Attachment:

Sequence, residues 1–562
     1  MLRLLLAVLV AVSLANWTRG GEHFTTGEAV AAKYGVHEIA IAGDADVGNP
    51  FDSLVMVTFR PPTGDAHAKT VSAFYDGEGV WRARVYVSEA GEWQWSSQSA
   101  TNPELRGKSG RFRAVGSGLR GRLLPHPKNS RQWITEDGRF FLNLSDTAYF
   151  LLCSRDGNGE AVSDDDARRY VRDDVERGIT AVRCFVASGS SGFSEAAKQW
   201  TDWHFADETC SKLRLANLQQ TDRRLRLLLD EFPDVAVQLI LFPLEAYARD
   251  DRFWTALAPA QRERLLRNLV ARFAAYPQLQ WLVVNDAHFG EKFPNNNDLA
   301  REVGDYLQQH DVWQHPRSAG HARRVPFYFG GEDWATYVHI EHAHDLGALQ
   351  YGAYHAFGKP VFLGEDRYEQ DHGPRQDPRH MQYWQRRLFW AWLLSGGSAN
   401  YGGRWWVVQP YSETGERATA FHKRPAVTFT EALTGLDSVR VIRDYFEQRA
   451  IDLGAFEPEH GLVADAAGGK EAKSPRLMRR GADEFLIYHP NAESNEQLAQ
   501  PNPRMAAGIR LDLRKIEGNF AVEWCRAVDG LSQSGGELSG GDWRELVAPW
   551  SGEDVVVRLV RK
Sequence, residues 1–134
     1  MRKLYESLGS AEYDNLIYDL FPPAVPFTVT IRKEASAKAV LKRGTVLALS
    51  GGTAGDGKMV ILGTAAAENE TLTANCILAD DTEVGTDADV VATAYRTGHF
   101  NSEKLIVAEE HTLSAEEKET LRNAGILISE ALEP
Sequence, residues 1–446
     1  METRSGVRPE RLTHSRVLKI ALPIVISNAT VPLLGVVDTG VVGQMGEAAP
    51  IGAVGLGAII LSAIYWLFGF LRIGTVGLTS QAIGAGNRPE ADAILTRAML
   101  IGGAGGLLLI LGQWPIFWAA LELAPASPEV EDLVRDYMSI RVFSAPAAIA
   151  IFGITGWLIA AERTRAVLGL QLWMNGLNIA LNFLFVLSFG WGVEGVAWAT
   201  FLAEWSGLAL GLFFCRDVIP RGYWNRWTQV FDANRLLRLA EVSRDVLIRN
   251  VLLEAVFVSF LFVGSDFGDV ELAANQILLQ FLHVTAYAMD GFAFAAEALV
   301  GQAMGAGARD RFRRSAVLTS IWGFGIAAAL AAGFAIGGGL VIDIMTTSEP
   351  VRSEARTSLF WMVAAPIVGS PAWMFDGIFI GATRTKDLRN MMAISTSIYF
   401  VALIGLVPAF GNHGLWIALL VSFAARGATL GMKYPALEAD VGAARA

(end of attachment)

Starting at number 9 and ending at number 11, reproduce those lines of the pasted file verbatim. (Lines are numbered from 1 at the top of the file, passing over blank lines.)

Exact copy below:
   351  YGAYHAFGKP VFLGEDRYEQ DHGPRQDPRH MQYWQRRLFW AWLLSGGSAN
   401  YGGRWWVVQP YSETGERATA FHKRPAVTFT EALTGLDSVR VIRDYFEQRA
   451  IDLGAFEPEH GLVADAAGGK EAKSPRLMRR GADEFLIYHP NAESNEQLAQ